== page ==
These are the answers by computer scientist
John Harrison to the
ten questions about intuitionism:

Do you agree that it is impossible to define a total
function from the reals to the reals which is not
continuous?
No.

Do you agree that the intermediate value theorem does not
hold the way that it is normally stated?
No.

Do you agree that there are only three infinite
cardinalities?
No.

Do you agree that the continuum hypothesis is a
meaningful statement that has a definite truth value,
even if we do not know what it is?
No.

Do you agree that the axiom which states the existence
of an inaccessible cardinal is a meaningful statement
that has a definite truth value, even if we do not know
what it is?
No.

Do you agree that for any mathematical question it is
easy to build a machine with two lights, yes and no,
where the light marked yes will be on if it is true
and the light marked no will be on if it is false?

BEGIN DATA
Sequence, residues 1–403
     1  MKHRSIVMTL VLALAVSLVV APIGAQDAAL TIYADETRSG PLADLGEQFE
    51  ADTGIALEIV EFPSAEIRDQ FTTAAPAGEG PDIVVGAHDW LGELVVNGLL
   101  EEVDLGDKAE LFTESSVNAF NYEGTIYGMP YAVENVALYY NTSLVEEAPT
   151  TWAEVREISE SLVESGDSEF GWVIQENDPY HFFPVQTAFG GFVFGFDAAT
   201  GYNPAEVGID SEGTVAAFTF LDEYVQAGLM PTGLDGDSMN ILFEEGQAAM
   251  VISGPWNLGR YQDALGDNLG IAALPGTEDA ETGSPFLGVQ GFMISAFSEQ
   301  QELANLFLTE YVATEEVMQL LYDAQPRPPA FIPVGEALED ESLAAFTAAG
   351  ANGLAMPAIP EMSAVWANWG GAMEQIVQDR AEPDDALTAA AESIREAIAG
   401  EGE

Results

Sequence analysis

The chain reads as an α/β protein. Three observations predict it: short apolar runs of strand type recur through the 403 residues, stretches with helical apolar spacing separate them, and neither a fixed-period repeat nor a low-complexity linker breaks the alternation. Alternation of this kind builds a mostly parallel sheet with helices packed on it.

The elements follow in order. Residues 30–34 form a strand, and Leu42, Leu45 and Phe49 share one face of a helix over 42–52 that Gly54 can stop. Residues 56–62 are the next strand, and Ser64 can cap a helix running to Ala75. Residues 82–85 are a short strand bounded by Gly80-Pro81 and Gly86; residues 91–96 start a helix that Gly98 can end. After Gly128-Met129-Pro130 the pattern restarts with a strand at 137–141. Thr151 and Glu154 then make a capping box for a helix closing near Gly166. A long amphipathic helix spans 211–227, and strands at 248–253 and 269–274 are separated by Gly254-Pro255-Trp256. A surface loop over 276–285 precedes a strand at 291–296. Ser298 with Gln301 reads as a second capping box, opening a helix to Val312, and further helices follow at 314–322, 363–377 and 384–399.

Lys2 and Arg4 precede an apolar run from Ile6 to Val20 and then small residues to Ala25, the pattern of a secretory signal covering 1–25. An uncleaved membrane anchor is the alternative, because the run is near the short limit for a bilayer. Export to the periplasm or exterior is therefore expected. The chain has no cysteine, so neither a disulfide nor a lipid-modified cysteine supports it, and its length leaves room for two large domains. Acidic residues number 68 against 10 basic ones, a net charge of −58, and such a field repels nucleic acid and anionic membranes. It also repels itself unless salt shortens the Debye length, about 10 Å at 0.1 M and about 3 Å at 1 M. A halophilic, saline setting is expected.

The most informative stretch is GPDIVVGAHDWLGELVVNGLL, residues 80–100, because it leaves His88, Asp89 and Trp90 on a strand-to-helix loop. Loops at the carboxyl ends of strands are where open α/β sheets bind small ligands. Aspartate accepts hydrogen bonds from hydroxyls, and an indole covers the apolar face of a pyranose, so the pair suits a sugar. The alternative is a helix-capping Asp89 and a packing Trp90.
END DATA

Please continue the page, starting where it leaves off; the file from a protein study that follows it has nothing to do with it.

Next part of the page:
No.

Do you agree that for any two statements the first
implies the second or the second implies the first?
Yes.

Do you agree that a constructive proof of a theorem
gives more insight than a classical proof?
Yes.

Do you agree that mathematics can be done using different
kinds of reasoning, and that depending on the situation
different kinds of reasoning are appropriate?
Yes.

Do you agree that all mathematical truths are true,
but that some mathematical truths are more true than
other mathematical truths?
No.
The pattern behind the answers is that I feel quite sure that statements
like "for all N" or "there exists N" are definitely objectively true or
false, but I feel no such confidence in statements about higher
infinities.
The real numbers are the difficult middle ground where I'm
not sure what I believe.
But (1) has to be false for my mental picture of
the reals to be at all satisfying.
And (7) is really just a question of
definition of "implication".
I'd rather qualify (8) by saying that a
constructive proof may give more insight, but "yes" is closer to my
feelings than "no".